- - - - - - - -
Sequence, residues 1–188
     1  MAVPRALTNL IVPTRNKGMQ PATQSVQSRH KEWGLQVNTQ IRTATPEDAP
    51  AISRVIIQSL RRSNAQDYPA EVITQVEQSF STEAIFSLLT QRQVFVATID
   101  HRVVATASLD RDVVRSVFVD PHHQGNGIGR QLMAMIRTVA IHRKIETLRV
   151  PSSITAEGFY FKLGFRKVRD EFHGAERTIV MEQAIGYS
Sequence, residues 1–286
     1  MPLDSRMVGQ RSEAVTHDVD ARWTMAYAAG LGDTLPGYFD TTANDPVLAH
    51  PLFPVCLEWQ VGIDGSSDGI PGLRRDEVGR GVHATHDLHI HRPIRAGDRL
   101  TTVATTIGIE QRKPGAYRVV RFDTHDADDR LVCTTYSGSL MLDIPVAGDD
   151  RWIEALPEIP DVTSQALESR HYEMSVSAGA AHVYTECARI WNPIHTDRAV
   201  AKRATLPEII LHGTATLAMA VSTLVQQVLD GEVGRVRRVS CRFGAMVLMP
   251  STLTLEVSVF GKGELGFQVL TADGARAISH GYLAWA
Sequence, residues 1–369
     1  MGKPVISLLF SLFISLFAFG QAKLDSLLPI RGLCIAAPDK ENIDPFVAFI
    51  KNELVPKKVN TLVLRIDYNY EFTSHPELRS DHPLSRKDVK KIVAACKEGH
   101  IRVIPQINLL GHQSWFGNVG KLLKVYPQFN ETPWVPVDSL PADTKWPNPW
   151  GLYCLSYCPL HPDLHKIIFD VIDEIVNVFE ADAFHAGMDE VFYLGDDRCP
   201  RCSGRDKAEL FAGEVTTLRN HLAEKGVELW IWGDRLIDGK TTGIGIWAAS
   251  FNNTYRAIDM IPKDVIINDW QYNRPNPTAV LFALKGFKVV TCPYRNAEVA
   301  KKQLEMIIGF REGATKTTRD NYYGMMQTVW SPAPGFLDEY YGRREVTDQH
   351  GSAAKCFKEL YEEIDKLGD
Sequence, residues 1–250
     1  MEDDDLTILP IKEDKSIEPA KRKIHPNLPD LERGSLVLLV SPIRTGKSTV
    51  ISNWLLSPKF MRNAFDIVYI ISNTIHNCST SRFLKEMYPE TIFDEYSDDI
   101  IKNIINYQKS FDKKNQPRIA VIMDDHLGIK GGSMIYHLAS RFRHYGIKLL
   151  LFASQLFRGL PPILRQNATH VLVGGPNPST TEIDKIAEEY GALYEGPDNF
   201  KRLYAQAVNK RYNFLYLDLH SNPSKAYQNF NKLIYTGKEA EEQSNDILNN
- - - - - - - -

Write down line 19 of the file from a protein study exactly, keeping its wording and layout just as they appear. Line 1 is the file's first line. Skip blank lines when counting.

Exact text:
   251  FNNTYRAIDM IPKDVIINDW QYNRPNPTAV LFALKGFKVV TCPYRNAEVA